Who let the Gupta family land at a South African military base?

JOHANNESBURG, South Africa — The South African government is investigating why a passenger plane from India, carrying 300 wedding guests of a wealthy family with close ties to President Jacob Zuma, was allowed to land at the country’s main military air base.

It is still unclear how the plane was able to land without the normal aircraft permits and without any customs officials present. But the special treatment for the Gupta family, whose links to Zuma have been criticized before, has caused an uproar in South Africa.

The Airbus A330-200, chartered from India’s Jet Airways, arrived at the high-security Waterkloof Air Base in Pretoria on Wednesday. Guests were then whisked away in luxury vehicles with a VIP escort to a casino resort booked entirely for the dream wedding of niece Vega Gupta, 23, to Aakash Jahajgarhia, the son of a wealthy Indian family.

There are accusations that the High Commission of India — the equivalent of an embassy in Commonwealth countries — abused diplomatic privileges and helped facilitate the landing at Waterkloof, which normally serves the president, military, and visiting heads of state.

South Africa’s chief of state protocol, Ambassador Bruce Koloane, has been suspended by the Department of International Relations as part of its investigation.

A group of senior South African cabinet ministers on Friday held a briefing to announce that four high-ranking military and police officials had also been placed on "compulsory special leave."

Justice minister Jeff Radebe vowed that the government would "hold all those responsible for bringing our country into disrepute, whoever they are and whatever position they hold."

"Our particular concern is that the aircraft was carrying international passengers who do not fit the category of government officials or VIPs on official duty," Radebe said.

Also under investigation is the convoy that took the Indian wedding guests from the air base to the Sun City resort. Radebe said the black BMWs fitted with emergency lights were not a police escort, as originally thought, but rather hired privately from a security firm that has moonlighting police officers on staff.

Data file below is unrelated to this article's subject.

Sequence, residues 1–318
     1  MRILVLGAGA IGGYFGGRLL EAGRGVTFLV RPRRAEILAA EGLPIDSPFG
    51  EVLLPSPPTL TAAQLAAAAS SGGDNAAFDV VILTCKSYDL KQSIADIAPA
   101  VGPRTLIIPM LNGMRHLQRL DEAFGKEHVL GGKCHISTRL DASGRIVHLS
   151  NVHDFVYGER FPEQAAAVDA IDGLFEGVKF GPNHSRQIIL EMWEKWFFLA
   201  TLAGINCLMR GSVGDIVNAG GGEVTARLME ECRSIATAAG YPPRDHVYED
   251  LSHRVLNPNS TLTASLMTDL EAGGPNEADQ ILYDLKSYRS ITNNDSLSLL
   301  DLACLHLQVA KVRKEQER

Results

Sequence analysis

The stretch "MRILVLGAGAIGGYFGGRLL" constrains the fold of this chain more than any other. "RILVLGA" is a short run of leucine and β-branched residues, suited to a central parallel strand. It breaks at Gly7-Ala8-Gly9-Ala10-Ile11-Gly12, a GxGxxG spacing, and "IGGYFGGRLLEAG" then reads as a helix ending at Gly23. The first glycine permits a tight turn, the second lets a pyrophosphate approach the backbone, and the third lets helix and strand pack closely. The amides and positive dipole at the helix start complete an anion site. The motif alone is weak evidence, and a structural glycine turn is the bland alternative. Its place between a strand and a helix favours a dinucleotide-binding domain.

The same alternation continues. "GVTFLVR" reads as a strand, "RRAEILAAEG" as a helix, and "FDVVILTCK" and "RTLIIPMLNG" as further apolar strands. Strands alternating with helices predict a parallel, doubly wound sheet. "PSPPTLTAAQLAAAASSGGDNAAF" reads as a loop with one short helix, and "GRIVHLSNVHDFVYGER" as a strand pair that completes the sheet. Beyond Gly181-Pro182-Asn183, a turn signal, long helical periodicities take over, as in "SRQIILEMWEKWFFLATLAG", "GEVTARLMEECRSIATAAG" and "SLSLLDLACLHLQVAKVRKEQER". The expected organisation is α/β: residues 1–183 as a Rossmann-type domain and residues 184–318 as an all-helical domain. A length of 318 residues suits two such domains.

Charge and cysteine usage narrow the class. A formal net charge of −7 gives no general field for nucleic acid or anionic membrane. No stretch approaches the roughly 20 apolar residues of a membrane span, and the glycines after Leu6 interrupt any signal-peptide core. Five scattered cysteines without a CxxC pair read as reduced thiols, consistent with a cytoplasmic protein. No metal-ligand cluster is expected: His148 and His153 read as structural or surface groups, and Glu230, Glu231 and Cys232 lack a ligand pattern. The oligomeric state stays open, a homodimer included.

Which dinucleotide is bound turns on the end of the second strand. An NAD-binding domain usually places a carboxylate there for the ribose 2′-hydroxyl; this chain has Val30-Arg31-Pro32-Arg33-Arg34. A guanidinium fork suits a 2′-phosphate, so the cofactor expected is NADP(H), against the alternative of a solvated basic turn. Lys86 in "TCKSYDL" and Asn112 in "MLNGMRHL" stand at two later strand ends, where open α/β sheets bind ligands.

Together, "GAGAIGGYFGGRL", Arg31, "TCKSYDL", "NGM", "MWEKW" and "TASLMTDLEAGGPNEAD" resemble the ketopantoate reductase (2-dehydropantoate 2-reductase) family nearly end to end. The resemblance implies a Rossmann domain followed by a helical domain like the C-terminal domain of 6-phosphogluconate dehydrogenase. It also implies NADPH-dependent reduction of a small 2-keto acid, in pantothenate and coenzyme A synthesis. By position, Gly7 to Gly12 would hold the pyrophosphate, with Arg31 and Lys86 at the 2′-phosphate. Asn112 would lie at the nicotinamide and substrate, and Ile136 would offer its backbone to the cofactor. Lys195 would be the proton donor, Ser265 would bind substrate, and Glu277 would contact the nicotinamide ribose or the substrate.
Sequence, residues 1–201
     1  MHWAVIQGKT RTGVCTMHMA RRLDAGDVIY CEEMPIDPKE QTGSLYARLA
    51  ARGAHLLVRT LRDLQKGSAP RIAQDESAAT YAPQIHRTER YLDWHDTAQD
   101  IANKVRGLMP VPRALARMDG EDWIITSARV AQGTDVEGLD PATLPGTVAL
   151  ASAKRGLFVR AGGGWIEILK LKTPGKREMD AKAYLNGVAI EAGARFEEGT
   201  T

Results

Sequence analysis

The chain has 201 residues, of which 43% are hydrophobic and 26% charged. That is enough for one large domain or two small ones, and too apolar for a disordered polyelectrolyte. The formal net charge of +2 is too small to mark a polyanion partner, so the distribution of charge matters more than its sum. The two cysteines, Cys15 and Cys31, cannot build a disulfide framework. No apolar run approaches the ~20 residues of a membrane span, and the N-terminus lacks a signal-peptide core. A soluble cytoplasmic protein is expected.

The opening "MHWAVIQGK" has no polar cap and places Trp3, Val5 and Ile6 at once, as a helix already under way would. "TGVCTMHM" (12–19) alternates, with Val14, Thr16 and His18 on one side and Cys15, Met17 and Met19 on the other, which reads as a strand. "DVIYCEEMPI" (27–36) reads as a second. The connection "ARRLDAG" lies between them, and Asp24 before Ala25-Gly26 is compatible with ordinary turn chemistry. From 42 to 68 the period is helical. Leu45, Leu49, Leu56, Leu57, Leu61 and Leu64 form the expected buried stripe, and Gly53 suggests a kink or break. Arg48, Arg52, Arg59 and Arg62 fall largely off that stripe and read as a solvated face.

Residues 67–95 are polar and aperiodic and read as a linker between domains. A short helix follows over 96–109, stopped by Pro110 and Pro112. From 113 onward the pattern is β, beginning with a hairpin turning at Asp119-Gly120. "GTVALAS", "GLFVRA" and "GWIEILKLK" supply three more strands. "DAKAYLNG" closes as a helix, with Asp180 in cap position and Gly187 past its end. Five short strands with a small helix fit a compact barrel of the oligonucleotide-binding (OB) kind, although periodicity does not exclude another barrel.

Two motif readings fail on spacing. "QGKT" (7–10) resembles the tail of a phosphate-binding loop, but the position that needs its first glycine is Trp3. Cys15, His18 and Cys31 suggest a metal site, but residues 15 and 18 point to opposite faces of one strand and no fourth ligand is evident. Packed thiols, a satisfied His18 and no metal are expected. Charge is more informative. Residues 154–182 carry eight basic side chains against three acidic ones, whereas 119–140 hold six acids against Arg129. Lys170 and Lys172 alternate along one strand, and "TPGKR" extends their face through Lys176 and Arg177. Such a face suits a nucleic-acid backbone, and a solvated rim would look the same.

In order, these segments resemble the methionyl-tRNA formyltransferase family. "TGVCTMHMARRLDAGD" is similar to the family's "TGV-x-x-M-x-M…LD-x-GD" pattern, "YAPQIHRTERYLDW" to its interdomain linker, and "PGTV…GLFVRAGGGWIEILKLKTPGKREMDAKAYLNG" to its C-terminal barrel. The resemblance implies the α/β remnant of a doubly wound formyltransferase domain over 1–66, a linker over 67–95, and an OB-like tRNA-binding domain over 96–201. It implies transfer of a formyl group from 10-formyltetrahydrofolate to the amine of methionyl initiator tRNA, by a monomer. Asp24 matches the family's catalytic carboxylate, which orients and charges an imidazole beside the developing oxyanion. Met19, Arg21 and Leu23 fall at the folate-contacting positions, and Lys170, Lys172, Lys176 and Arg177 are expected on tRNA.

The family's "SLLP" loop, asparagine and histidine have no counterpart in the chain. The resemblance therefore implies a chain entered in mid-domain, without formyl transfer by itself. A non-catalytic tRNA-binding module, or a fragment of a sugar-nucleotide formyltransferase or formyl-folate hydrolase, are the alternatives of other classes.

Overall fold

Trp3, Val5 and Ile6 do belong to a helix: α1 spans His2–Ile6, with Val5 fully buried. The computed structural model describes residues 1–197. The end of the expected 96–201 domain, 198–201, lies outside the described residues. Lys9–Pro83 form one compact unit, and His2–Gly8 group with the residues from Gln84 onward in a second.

Meanwhile, upon instruction from the South African defense minister, the Gupta's plane has been removed from the Waterkloof base and flown to Johannesburg's main OR Tambo International Airport.

The Gupta family said in a statement Thursday that it “was not directly involved in the Waterkloof incident,” and insisted the Indian High Commission had obtained permission for the plane to land.

The family has booked the entire five-star Palace of the Lost City hotel, at the Sun City casino and resort complex about 90 miles from Waterkloof, for the Hindu wedding from May 1 to 4.

"We have been saddened by the ongoing negative reporting surrounding the wedding,” the family statement said.

“Our genuine attempts to do everything to give Vega and Aakash a dream wedding have led to a slew of negative reports.”

The Guptas, originally from Saharanpur in northern India, began doing business in South Africa in 1993. The family is led by three brothers and owns technology firm Sahara Computers, as well as The New Age, a pro-Zuma daily newspaper.

One of Zuma’s sons, Duduzane, has been involved in business interests with Rajesh Gupta, and was appointed to the board of Sahara Holdings, the Gupta’s investment company.

In 2011, there were widespread reports of disquiet within the ANC and its political alliance partners that the Gupta family was too close to Zuma, and had too much influence in the appointments of top government officials.

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Susan Booysen, a political scientist at Johannesburg’s University of the Witwatersrand, said the South African public knows the Guptas are close to Zuma and his family, and have a big influence in government.

The fact that a private plane filled with Gupta wedding guests was allowed to land on a military airfield is “indefensible,” Booysen said. 

“It’s another example of confusion between party, state and individual,” she said. “I would suspect at the moment there is a major operation on how to keep the president out of it.”

President Zuma’s office refused to comment on the incident, which is being called “Guptagate” in the South African media.

But the ANC and its alliance partners, the South African Communist Party (SACP) and trade union federation Cosatu, have all called for heads to roll.

Gwede Mantashe, secretary general of the ANC, demanded an explanation as to who granted permission for the plane to land, and on what basis.

“The African National Congress will never rest where there is any indication that all and sundry may be permitted to undermine the Republic, its citizens and its borders,” he said in an emailed statement. 

Jeremy Cronin, deputy general secretary of the SACP, said his party was "deeply embarrassed" over the incident.

"We are not living in a banana republic. We are not a playground for rich foreigners to come and occupy our space, to come and take over a national key point," Cronin told workers at a rally in Durban.

Terror Lekota, a former ANC defense minister who is now part of the opposition, accused Zuma of running South Africa as a "personal fiefdom" with perks for his powerful friends.

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“It almost seems like the Gupta plane landed on Mars,” Booysen said. “Suddenly nobody knows them.”

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